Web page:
Former intelligence contractor Edward Snowden emerged from his Russian exile Tuesday in the form of a remotely-controlled robot to promise more sensational revelations about US spying programs.
The fugitive's face appeared on a screen as he maneuvered the wheeled android around a stage at the TED gathering, addressing an audience in Vancouver without ever leaving his secret hideaway.
"There are absolutely more revelations to come," he said. "Some of the most important reporting to be done is yet to come."
Snowden, a former National Security Agency contractor who has been charged in the United States with espionage, dismissed the public debate about whether he is a heroic whistleblower or traitor.
Instead, he used the conference organized by educational non-profit organization TED ("Technology Entertainment Design"), to call for people worldwide to fight for privacy and Internet freedom.
Internet creator Tim Berners-Lee briefly joined Snowden's interview with TED curator Chris Anderson, and came down in the hero camp.
When Anderson posed the question to the TED audience—known for famous, innovative, and influential attendees—the idea that Snowden was a force for good met with applause.
Hero or traitor?
"Hero patriot or traitor; I would say I am an American citizen just like anyone else," Snowden said.
"What really matters here is the kind of government we want; the kind of Internet we want."
He sais he was inspired to pass a huge trove of NSA files to reporters when he saw Us spying tactics going too far and intruding into the private data of millions of Internet and telephone customers.
Snowden argued that if he had gone to the US Congress with his concerns he would have risked being "buried along with the information."
Snowden instead urged the "adversarial press" to challenge government and ignite public debate "without putting national security at risk."
He argued that the dangers critics have played up regarding disclosure of information have not materialized, and insisted that he remains comfortable with his decisions.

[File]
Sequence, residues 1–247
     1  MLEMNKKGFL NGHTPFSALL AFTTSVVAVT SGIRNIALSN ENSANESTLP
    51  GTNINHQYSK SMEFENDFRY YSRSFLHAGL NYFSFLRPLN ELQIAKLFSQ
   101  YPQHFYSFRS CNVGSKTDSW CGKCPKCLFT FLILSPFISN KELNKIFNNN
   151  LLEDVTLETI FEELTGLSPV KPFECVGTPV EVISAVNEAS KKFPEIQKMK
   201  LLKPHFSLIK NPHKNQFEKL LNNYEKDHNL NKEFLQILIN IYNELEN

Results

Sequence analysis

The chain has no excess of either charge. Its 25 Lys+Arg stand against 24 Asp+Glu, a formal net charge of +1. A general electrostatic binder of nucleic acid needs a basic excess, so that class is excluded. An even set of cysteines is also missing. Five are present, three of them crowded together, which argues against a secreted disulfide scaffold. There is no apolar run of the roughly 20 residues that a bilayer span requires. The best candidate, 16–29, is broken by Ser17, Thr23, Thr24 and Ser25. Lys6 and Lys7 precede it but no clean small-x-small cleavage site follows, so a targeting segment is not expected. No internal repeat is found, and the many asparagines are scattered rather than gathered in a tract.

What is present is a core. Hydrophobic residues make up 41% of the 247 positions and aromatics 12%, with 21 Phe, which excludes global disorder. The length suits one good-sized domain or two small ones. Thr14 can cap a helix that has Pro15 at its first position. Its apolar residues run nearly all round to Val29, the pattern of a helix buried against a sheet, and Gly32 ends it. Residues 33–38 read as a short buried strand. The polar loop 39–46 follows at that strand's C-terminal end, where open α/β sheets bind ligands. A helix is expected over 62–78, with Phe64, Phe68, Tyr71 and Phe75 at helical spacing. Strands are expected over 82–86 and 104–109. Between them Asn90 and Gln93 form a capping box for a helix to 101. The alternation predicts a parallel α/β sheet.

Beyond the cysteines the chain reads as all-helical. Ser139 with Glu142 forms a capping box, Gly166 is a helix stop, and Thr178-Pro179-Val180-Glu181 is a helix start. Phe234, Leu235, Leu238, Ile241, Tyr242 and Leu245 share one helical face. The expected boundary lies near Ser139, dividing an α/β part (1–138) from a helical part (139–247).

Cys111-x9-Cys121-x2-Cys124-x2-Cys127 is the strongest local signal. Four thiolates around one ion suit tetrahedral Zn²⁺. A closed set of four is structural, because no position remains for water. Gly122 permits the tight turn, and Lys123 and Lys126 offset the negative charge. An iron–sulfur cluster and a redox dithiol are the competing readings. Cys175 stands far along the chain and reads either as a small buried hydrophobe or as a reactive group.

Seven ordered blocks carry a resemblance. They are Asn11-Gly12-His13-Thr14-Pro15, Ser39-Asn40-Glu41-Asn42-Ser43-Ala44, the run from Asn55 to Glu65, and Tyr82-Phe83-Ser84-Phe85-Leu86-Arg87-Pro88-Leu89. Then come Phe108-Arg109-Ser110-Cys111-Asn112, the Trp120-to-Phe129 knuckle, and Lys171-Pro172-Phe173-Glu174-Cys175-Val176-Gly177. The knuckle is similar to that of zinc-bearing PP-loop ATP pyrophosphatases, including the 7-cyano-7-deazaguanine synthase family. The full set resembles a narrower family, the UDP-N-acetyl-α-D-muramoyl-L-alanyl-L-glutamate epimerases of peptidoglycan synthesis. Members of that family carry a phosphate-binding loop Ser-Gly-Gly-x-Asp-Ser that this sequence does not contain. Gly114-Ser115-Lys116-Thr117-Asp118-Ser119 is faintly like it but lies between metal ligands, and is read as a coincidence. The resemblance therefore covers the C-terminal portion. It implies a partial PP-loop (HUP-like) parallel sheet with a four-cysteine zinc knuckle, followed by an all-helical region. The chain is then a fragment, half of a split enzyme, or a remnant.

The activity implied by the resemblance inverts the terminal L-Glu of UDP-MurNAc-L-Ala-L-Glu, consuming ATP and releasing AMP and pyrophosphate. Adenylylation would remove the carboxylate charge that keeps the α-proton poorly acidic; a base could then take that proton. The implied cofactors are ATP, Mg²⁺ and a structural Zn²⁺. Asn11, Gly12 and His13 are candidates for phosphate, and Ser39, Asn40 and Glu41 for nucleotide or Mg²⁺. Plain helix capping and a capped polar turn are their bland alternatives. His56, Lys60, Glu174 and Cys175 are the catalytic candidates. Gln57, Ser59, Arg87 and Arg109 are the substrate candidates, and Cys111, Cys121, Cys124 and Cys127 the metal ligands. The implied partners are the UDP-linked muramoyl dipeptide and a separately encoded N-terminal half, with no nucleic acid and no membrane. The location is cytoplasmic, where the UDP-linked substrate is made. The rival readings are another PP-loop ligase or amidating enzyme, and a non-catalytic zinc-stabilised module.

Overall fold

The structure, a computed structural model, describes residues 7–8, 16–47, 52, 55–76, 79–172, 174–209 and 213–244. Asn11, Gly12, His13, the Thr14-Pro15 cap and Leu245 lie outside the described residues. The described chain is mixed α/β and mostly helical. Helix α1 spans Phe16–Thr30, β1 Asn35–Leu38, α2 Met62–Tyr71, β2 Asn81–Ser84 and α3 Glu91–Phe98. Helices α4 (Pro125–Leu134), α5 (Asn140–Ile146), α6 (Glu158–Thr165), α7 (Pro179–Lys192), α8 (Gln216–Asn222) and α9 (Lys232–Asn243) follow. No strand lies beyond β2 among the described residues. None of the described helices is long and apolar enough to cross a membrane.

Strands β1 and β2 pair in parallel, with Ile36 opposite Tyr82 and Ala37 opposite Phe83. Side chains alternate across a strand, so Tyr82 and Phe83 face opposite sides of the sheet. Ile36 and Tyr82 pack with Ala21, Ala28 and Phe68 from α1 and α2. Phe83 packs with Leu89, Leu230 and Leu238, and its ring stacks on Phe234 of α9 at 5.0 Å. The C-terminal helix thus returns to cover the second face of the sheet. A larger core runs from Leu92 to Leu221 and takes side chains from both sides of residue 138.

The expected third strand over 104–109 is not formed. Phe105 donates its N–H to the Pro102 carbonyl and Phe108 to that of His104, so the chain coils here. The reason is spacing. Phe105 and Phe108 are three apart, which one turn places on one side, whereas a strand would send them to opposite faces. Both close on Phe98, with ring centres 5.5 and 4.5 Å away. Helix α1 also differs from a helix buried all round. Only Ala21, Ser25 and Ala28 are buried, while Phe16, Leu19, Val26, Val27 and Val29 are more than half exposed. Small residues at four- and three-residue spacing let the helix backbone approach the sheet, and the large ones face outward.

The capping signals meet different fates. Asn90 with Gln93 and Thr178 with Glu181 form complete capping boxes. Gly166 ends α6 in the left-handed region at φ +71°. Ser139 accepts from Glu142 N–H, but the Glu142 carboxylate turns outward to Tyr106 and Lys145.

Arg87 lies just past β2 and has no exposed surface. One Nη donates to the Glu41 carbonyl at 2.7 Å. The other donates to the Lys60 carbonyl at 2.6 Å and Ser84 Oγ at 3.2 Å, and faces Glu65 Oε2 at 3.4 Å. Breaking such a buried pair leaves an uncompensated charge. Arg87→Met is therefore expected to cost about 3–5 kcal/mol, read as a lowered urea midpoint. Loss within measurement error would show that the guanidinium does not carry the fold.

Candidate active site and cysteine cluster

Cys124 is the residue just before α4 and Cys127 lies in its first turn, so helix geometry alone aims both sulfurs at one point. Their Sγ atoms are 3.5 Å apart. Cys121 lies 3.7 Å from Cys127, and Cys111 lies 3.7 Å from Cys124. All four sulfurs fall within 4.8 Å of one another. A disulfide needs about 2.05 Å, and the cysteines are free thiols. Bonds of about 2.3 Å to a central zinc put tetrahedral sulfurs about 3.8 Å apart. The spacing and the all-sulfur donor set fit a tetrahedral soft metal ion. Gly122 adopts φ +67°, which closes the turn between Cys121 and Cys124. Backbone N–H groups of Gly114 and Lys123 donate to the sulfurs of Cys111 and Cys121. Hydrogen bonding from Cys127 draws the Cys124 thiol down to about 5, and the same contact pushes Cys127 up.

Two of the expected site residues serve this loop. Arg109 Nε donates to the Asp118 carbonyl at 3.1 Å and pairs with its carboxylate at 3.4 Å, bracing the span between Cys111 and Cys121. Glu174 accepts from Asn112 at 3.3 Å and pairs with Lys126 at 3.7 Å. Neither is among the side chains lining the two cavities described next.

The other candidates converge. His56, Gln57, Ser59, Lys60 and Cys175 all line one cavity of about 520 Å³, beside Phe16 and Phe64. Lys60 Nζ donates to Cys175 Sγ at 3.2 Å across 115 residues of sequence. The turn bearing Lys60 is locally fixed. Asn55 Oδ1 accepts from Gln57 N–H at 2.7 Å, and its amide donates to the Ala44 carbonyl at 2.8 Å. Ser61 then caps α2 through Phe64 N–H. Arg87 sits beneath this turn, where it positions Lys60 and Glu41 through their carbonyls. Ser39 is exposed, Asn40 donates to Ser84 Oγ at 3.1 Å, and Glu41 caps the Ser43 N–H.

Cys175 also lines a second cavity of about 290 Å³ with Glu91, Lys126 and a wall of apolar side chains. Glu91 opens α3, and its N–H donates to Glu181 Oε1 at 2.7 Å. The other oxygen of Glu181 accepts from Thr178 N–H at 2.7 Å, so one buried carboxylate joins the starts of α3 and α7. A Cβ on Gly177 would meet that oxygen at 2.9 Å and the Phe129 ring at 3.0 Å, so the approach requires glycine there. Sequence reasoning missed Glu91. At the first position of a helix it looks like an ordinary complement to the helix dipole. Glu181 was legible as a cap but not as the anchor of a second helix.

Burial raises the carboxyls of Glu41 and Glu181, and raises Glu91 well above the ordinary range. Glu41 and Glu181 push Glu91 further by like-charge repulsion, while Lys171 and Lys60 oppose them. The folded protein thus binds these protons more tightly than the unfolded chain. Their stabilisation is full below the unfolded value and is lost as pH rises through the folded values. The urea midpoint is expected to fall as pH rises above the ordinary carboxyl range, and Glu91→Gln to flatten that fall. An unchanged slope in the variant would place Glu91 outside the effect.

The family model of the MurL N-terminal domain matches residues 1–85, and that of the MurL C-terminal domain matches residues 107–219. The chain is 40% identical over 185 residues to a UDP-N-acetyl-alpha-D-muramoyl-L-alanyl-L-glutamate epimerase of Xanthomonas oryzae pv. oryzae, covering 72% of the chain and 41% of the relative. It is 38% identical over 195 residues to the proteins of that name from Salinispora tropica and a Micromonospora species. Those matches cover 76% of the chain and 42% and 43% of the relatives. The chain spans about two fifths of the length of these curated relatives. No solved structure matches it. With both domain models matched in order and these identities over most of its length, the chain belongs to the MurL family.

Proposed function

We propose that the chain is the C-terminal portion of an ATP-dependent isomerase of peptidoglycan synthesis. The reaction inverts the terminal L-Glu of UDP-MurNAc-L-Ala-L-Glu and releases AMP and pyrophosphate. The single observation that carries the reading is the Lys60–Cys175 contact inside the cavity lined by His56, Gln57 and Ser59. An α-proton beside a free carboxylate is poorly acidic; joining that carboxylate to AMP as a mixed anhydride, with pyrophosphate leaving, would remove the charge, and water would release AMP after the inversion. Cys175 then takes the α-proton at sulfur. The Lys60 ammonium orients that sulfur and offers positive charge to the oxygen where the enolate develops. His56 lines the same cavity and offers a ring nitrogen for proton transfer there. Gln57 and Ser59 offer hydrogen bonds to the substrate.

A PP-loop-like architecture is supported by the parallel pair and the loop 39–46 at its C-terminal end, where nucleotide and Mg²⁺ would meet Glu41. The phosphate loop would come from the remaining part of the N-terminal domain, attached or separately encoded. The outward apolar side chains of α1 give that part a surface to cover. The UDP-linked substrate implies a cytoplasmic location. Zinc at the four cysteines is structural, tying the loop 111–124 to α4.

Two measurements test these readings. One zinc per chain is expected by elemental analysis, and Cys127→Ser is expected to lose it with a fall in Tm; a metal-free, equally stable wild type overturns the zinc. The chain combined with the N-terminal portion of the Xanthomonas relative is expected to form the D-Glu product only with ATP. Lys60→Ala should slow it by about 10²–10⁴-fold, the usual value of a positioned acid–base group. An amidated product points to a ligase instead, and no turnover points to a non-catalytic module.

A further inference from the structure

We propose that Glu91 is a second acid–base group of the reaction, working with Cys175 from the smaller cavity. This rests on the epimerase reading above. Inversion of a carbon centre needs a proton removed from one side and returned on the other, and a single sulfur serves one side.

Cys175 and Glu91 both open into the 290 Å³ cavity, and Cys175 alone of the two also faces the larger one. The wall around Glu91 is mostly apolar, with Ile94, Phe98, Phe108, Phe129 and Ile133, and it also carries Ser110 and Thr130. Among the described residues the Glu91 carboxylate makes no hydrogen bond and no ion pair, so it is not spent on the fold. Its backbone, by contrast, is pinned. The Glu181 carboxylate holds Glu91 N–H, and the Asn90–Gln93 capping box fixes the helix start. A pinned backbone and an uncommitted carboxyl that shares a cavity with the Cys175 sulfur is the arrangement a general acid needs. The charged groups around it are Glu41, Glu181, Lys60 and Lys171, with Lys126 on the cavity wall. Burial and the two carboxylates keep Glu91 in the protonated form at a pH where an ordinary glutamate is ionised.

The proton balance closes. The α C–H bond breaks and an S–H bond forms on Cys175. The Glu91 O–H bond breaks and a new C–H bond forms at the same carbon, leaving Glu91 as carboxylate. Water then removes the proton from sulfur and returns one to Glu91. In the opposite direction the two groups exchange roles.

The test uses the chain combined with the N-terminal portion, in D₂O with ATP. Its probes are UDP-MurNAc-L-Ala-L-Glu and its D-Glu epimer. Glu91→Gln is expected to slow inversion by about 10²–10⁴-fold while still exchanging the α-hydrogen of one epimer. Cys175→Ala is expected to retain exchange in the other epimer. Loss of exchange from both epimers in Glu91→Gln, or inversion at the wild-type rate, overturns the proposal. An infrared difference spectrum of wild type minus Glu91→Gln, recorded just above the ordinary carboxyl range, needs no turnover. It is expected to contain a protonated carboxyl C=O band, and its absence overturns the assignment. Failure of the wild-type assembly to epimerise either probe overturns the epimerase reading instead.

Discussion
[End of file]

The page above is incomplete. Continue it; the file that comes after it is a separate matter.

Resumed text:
He depicted the NSA's Prism program for getting user information from Internet firms as a way for the US government to "deputize corporate America to do its dirty work."
And he blasted a US secret court for seldom rejecting National Security Agency requests to compel Internet titans to turn over user data and US legislators for showing little oversight.
Snowden urged Internet companies to stand against online snooping by encrypting online activity by default so spies could easily note anything from book browsing at Amazon.com to visiting websites.
People should be able to book air travel, order books, make phone calls and send text messages without worrying about how it will look to an agent of the government, Snowden declared.
"More communications are being intercepted in America about Americans that there are in Russia about Russians," Snowden said.
He argued that the NSA was making the US, and the world, less safe by lobbying for weak standards that could open back doors into online venues or services such as online commerce or banking.
"Our basic freedoms are not a partisan issue," Snowden said. 'It is up to us to protect them; it is up to us to preserve the open Internet."
Snowden endorsed the campaign by Berners-Lee for a global Magna Carta laying out values and rights on the Internet.
"A Magna Carta for the Internet is exactly what we need," Snowden said.
Anderson said that the NSA had been invited to take part in the TED chat with Snowden, but it did not work out "for logistical reasons."
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